Drug costs, particularly for immunotherapies, contributed to the rising cost of care during the last 6 months of life for a fee-for-service Medicare beneficiary, according to a recent study.
Medicare Part B payments to providers caring for individuals with cancer during the last 6 months of life have been relatively stable while costs for drugs soared, according to a recently published report.
The retrospective cohort study examined trends in medical services and supplies for Medicare fee-for-service beneficiaries over the last 6 months of life from 2015 through 2019, in an effort to see if there are ways to optimize value-based care for this population.
Outpatient cancer care makes up 60% to 70% of health care costs over the last 6 months of life, which is when one becomes eligibile for hospice benefits under Medicare.
“Recent approvals for expensive biologics and growing support for lower-cost hypofractionated radiotherapy in the palliative management of advanced cancer have introduced offsetting spending effects on end-of-life care that may shift overall expenditures for this patient cohort,” the authors noted.
Using CMS data, 84,744 Medicare beneficiaries with a cancer diagnosis were identified as having died between January 1, 2016, and December 31, 2019, and Medicare Standard Analytic Files were abstracted for their paid claims during their last 6 months of life.
Payments to providers were totaled by service/supply category; comparisons of service and supply utilization and costs between patient groups were analyzed using Pearson's χ2 test.
Cancer claims were categorized by the type of disease beneficiaries had, either disseminated/aggressive or localized/indolent. The aggressive category included claims with a diagnosis code indicating secondary or metastatic disease; aggressive lymphoma; multiple myeloma not in remission; and leukemia not in remission.
Of the nearly 85,000 beneficiaries with cancer, 50,319 (59.4%) were diagnosed with a disseminated or aggressive cancer, and 34,425 (40.6%) were diagnosed with localized or indolent disease.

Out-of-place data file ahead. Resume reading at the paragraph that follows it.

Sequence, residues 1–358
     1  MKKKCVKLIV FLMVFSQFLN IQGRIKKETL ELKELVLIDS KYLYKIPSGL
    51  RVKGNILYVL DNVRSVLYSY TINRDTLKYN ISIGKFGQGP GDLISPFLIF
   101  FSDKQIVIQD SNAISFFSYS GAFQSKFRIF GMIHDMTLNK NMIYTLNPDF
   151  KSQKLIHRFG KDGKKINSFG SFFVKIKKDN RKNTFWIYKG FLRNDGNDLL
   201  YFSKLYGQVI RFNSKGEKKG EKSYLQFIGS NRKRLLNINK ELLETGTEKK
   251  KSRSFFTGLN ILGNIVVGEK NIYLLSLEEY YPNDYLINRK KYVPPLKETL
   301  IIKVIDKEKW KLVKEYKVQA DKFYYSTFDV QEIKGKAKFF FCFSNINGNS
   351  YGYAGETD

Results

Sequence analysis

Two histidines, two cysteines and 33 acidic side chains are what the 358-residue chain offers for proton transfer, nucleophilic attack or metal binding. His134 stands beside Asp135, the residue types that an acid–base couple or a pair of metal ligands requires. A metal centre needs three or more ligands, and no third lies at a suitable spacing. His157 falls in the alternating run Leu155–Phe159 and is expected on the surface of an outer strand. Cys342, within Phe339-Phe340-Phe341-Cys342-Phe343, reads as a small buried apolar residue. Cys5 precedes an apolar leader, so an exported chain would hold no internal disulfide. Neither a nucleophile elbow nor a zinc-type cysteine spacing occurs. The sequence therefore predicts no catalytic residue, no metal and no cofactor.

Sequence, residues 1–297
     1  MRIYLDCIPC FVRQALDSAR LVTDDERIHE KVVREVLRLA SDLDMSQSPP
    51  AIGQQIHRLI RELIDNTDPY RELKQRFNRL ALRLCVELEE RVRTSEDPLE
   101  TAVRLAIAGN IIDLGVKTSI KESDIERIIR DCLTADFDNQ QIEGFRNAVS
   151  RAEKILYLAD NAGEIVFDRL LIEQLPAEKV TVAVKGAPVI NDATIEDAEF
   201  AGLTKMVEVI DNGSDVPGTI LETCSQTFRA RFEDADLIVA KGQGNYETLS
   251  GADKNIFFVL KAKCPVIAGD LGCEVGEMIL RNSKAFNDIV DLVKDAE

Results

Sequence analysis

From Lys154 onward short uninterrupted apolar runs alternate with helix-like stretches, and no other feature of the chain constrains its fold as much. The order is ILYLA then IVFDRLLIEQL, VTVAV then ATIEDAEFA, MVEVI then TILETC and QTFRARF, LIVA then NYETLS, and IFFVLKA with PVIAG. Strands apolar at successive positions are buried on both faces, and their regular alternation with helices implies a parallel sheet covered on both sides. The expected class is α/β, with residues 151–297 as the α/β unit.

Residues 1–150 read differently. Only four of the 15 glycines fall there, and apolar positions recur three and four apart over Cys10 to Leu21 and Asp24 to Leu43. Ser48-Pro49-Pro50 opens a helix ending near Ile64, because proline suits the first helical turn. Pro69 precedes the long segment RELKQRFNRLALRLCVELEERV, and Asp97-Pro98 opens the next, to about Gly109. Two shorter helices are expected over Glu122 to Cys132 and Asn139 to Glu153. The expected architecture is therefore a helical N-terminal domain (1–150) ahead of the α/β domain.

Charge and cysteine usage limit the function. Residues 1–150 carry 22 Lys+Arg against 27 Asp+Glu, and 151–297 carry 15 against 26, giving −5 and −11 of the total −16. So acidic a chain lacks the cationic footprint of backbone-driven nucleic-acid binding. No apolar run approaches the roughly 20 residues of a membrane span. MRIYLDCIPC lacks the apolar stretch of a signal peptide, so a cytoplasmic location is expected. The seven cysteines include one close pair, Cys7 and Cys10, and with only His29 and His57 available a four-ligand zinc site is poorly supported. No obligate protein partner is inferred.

Results showed that during the last 6 months of life:
Except for immunotherapy and oncology drug costs overall, costs related to end-of-life care for nearly all cost categories remained stable, the authors said.
The study noted several initiatives that have tried to tackle these costs, from the Oncology Care Model (now called the Enhancing Oncology Model), to accountable care organizations. CMS is creating a process to implement negotiations with drug manufacturers under the Inflation Reduction Act for some of the highest-priced drugs. And biosimilars may represent yet another path to lowering the costs of care while ensuring quality.
However, another avenue that deserves more focus is the communication that should take place between the provider and the patient with terminal illness, keeping patient wishes and treatment goals in mind, the authors said.
“Early discussions of therapeutic benefits and risks with terminal patients may enable mutual development of treatment goals and avoid expensive, burdensome medical interventions as end-of-life approaches,” the authors wrote.
Mantz CA, Yashar CM, Bajaj GM, Sandler HM. Recent trends in Medicare payments for outpatient cancer care at the end of life. Int J Radiat Oncol Biol Phys. Published online January 17, 2023. doi:10.1016/j.ijrobp.2023.01.005